"Oklahoma doom-metal warriors follow through."

Led by seven foot tall singer Brandon Kistler, Rainbows Are Free from Norman, Oklahoma have been making a name for themselves thanks to their well-received debut album, and by sharing bills with the likes of Black Mountain and Dead Meadow.
Although failing to live up to the demented promise of the gloriously titled Speed God And The Rise Of The Mothertuckers From A Race Beyond Hell, the group's sound is a sometimes uncanny replication of the kind of proto-metal that could be found bothering the UK rock-club circuit of the early 70s.There are strident monster-riffs, convoluted arrangements and testicle-shredding vocals on titles such as Sonic Demon and ripsnorting closer Comet.
While throwing southern rock, behemoth doom and prog-psych into their churning cauldron, Rainbows Are Free may wel find a rabid new crowd with today's audiences who weren't privileged to experience this kind of thunderous stoner whoopee the first time around.

Kris Needs - Classic Rock Magazine - September 2014 Issue

"Rainbows Are Free-Super Rock Power Hour"

"They're from somewhere in Oklahoma. The part of Oklahoma that has UFO cults, bathtub acid, wizard robes, custom vans and amplifiers the size of refrigerators. There's a good chance Rainbows will blow your mind for good, so use caution..." -Classic Rock Magazine (Summer 2011 special issue) Sleazegrinder - Classic Rock Magazine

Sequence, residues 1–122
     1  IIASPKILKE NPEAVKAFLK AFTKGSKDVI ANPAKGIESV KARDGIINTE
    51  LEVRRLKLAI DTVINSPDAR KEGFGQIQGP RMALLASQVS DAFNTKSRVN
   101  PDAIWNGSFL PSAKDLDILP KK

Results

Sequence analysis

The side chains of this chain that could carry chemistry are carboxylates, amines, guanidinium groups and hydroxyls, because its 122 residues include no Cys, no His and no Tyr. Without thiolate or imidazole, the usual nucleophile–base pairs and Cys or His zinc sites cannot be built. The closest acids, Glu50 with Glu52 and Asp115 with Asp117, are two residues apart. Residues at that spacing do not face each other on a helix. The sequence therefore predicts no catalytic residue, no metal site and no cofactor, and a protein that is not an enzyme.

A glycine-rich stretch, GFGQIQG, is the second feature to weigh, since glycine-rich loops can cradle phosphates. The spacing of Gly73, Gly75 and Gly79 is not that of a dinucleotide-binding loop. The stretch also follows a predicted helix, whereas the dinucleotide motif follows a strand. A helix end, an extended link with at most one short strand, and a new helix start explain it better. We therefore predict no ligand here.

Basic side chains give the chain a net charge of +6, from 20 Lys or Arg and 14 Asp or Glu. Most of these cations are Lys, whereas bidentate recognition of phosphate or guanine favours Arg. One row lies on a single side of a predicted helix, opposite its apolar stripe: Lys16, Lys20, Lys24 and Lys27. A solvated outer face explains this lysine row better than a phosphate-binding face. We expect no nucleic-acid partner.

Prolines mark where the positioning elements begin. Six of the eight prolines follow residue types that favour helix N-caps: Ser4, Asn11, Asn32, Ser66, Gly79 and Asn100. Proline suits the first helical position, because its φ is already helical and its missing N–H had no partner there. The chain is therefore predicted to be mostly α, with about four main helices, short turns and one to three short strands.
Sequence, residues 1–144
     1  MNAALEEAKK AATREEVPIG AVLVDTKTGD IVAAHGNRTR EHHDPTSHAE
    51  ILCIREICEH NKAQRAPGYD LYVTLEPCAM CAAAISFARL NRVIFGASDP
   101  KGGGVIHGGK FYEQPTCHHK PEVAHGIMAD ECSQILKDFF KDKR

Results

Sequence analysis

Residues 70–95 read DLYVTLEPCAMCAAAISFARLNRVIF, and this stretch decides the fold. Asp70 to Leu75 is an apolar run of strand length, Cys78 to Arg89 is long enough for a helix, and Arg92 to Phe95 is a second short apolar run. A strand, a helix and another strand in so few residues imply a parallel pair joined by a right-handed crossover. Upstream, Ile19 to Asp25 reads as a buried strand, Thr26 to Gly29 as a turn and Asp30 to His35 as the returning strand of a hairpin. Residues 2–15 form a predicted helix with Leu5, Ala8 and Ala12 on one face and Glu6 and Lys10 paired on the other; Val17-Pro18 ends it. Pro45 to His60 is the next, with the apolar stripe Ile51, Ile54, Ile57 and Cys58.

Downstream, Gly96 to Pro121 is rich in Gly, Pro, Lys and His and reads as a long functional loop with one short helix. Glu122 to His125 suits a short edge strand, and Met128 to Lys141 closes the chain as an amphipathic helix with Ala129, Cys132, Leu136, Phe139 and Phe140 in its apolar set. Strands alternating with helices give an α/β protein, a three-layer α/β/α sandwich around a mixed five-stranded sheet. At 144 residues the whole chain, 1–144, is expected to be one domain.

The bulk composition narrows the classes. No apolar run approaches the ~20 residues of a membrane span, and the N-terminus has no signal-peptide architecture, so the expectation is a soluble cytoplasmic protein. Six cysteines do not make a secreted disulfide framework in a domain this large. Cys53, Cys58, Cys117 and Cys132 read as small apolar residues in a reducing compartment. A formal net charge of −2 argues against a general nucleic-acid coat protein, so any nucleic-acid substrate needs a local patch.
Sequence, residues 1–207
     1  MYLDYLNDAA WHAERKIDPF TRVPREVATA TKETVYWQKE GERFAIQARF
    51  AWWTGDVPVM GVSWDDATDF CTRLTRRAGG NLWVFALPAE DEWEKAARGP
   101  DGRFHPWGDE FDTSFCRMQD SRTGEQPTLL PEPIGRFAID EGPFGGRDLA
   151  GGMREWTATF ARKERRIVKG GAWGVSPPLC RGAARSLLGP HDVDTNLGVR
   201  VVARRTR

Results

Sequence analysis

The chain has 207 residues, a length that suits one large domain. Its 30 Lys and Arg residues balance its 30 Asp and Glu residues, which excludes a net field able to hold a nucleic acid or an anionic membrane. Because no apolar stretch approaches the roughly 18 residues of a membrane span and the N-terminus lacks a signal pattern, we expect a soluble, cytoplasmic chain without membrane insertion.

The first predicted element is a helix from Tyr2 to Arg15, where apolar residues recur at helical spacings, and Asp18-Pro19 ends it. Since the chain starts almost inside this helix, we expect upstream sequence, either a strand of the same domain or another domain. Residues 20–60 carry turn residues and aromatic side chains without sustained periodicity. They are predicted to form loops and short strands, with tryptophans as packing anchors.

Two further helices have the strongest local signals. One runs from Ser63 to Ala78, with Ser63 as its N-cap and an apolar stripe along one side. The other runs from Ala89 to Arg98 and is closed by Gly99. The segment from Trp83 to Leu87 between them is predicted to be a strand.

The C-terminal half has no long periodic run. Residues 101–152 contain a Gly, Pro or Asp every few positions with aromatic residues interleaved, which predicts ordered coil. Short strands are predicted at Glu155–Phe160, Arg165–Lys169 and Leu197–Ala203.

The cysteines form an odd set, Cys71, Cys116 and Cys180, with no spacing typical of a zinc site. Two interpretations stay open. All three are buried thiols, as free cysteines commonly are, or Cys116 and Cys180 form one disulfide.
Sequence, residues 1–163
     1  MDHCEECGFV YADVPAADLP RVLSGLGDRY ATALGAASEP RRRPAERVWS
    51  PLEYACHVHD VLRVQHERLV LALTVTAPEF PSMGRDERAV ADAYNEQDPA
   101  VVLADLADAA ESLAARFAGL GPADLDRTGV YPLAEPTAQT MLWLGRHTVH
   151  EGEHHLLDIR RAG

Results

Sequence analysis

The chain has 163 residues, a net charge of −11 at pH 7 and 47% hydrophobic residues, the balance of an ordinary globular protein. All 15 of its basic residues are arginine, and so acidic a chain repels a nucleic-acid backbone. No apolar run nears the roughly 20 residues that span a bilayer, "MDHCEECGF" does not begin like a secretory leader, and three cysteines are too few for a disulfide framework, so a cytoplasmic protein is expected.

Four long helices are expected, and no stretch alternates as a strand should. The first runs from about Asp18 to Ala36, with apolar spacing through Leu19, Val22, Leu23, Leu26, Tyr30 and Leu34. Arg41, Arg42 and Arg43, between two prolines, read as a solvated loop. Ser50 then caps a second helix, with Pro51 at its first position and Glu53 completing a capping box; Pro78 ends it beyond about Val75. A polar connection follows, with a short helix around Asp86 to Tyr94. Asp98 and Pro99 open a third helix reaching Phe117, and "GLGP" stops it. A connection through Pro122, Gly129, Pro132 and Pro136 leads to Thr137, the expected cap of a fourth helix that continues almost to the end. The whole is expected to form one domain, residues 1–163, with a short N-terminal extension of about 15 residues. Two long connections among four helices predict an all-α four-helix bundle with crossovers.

"Rainbows Are Free at Norman Music Fest 5"

Rainbows Are Free, hands down, put on the best performance of the weekend.

Rainbows Are Free's sonic locus appears on the rock 'n roll family tree at the point where proto-metal and heavy psychedelia shared a common apocryphal ancestor before branching off into their own distinct lineages. Believers in Medicine is indicative of this relationship, ripe with heavy riffage and stoner swagger.

I didn't write that, they did. I could never come up with anything to top that.